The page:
Brian Jones: How a dedicated civil servant may change everything

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If James Dingemans, counsel for the Hutton inquiry into the circumstances surrounding the death of David Kelly, had put the question more directly I would have found myself unable to answer. Instead he asked: "If a member of your staff had given this sort of information to journalists about the discussions that had taken place in your branch relating to concerns about the dossier, what would your reaction have been to that?"

If James Dingemans, counsel for the Hutton inquiry into the circumstances surrounding the death of David Kelly, had put the question more directly I would have found myself unable to answer. Instead he asked: "If a member of your staff had given this sort of information to journalists about the discussions that had taken place in your branch relating to concerns about the dossier, what would your reaction have been to that?"

I paused for what seemed like an age as I realised my answer would reveal something of what I thought of David's action. Eventually I gave my answer: "I would have thought they were acting well beyond the bounds of what they should have been doing. I would have been very disappointed and very annoyed." I have not returned to this matter again until today.

In the early summer of 2003 it never crossed my mind it was David who was telling the BBC that there had been serious misgivings in the intelligence community about the September dossier on Iraq's WMD. Even after Hutton it is still difficult to understand why he did so. Having supported the dossier and military action and not commented on our views before the war, why did he choose to do so afterwards? What was the purpose?

I wondered at first whether, after the failure to find WMD in Iraq, David might have wanted to associate himself more directly with our concerns. After all, he never did believe that it was likely that large stockpiles would be found. He also knew full well that large stockpiles of biological weapons were not necessary to provide an offensive capability. There was no obvious personal motive for him to reveal this information anonymously or "off the record" to a few BBC journalists.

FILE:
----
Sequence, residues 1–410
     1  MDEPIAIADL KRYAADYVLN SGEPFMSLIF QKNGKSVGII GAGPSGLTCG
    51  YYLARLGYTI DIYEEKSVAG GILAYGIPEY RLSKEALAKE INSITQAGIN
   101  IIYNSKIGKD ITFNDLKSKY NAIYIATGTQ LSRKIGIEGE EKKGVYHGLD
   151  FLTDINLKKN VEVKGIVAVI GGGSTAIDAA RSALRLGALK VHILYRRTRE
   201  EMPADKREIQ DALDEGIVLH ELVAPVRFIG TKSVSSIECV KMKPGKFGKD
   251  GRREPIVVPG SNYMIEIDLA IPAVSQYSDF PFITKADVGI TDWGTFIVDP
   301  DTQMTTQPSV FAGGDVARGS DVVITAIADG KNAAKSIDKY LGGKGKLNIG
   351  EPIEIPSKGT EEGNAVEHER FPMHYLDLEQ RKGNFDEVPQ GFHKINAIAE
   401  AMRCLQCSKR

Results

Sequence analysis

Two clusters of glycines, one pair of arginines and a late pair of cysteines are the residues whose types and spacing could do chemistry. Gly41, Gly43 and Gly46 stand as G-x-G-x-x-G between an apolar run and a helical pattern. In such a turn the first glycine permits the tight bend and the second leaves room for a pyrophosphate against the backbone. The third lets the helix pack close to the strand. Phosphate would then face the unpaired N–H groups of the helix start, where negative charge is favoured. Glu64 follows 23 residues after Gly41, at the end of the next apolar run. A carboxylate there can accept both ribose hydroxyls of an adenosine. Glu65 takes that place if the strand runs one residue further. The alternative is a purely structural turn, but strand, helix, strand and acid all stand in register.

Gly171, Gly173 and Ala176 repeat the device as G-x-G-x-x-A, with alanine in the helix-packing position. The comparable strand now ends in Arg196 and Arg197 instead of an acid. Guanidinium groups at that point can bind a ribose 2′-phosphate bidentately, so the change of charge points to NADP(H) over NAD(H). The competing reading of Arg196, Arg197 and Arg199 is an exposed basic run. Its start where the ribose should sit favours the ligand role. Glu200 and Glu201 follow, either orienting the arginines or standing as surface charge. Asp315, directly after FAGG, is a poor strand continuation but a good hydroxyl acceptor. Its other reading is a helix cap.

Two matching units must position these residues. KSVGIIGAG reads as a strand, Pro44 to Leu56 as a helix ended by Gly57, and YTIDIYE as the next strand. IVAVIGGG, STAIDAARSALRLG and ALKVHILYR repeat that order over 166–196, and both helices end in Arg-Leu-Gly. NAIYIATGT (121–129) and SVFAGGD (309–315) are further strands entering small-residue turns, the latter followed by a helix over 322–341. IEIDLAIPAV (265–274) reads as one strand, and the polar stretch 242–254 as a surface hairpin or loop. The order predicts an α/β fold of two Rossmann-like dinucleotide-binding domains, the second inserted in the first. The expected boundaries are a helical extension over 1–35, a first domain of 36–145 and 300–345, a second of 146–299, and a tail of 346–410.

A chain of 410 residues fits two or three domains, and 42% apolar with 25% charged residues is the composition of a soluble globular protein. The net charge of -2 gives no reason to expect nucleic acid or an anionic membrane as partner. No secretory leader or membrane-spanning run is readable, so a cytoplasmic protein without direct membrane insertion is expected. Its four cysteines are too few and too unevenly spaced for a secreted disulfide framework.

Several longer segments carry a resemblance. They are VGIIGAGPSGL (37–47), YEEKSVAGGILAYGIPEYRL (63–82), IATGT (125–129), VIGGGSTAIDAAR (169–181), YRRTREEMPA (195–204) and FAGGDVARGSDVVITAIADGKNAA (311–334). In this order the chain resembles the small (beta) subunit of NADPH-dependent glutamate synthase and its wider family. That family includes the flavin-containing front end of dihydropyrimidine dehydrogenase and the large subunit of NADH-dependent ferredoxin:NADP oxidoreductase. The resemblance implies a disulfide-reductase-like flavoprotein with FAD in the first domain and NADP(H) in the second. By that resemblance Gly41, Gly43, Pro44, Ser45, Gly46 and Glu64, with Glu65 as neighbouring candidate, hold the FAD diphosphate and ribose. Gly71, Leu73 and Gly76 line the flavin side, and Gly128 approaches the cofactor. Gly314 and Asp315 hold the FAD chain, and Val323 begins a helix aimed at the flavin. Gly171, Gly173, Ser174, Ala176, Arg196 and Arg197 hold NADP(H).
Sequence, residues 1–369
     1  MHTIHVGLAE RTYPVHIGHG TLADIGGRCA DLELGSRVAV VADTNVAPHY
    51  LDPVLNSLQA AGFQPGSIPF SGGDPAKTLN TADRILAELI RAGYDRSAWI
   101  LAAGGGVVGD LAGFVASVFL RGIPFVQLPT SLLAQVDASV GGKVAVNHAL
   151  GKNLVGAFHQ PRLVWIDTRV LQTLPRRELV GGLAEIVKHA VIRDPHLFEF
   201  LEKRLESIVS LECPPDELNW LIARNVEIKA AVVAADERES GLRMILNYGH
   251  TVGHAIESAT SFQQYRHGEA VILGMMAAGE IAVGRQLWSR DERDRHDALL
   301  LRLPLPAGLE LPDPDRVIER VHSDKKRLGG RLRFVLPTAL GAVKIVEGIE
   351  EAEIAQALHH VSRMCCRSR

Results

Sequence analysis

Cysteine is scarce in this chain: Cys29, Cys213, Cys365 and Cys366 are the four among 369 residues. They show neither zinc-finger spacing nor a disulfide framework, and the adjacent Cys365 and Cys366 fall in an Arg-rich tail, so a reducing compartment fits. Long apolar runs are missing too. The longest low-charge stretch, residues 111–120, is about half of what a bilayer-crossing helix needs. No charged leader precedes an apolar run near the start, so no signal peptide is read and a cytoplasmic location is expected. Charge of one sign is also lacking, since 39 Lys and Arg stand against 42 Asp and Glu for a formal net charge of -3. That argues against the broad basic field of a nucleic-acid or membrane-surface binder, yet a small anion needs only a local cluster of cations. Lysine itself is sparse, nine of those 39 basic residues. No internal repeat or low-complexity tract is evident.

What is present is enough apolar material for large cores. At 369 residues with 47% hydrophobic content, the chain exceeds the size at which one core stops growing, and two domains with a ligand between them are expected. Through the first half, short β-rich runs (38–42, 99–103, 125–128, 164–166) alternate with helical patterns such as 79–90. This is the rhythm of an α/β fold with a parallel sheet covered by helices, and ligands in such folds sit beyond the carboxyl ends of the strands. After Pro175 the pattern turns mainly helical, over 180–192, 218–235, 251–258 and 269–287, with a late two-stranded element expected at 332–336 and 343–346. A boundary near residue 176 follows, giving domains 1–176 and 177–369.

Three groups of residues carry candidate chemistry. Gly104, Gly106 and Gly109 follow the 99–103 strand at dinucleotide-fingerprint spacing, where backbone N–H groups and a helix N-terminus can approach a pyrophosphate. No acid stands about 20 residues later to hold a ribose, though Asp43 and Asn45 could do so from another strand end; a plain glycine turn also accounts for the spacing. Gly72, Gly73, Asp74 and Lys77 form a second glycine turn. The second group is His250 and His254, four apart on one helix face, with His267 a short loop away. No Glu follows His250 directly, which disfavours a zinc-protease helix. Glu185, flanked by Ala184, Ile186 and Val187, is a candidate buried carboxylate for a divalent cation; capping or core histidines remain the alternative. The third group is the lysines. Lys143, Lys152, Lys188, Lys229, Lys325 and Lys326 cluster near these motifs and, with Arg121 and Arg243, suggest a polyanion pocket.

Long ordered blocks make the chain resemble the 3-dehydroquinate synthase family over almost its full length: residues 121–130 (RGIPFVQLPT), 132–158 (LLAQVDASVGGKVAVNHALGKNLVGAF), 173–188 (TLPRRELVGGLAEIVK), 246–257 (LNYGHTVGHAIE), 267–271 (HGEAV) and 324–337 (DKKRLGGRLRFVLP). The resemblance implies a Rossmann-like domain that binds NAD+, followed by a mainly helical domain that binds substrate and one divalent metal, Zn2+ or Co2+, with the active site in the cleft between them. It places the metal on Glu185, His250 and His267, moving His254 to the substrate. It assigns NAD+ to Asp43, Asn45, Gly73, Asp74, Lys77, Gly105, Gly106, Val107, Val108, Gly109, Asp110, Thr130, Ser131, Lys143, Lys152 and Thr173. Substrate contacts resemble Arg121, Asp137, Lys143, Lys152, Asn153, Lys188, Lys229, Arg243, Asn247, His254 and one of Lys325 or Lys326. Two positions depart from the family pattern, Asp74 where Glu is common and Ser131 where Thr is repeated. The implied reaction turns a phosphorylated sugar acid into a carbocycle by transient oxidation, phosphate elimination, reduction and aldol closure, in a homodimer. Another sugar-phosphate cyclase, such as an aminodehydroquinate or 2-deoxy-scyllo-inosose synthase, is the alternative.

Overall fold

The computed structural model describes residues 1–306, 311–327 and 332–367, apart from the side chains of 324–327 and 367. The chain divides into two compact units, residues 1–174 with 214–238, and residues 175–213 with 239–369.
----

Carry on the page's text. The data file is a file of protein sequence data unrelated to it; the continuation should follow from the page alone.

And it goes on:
Perhaps he saw then what I had seen at the outset - a danger the intelligence analysts would be unjustly blamed for providing flawed advice when they had been much more cautious all along. He knew they would find it difficult to make their case openly because of the constraints upon them - a fact clearly and ironically reflected in my answer to Mr Dingemans. So David may have decided to use the access to the media his job as a UN weapons inspector had given him.

I believe it was a deliberate act. He was too experienced of both the press and the secret world for it to have been a momentary lapse. He felt passionately about the work that had come to dominate his life and I know he recognised the importance of intelligence to it. We will never know for sure why he spoke to Susan Watts, Andrew Gilligan and Gavin Hewitt, but my preference is to believe this is why he did it.

I doubt that he quite realised the political storm his revelation could cause. He was more attuned to the politics of the United Nations than Whitehall. He could not know that the charge he made would be exaggerated by its interpreter and that BBC bias would become the smokescreen to conceal, at least temporarily, the real problem - the absence of chemical and biological weapons in postwar Iraq. When his name emerged and was so hastily added to the conflagration he made the sort of mistakes any of us might make when placed under unreasonable pressure.

The absence of confidants in his immediate working circle, which were a consequence of his unique, multi-hatted, high-powered, international job and his apparently introverted nature, together with MoD's frugal, hands-off approach to man management appears to have left him nowhere to turn.

There is no doubt that David's tragic death led to unprecedented and detailed revelations about the machinery of government, the intelligence process and the way in which civil servants are managed. It has shown through Lord Butler's review how mistakes were made and serious flaws in the system have been identified. I realise now that my response to Mr Dingemans' question, if transferred to David Kelly, will appear to be unforgiving.

I am glad I said nothing further until now. I am hopeful that the last act of a dedicated civil servant will prove to have been the catalyst for improvements that will benefit the security of the nation.

Dr Brian Jones is a former head of the nuclear, chemical and biological branch of the Defence Intelligence Staff

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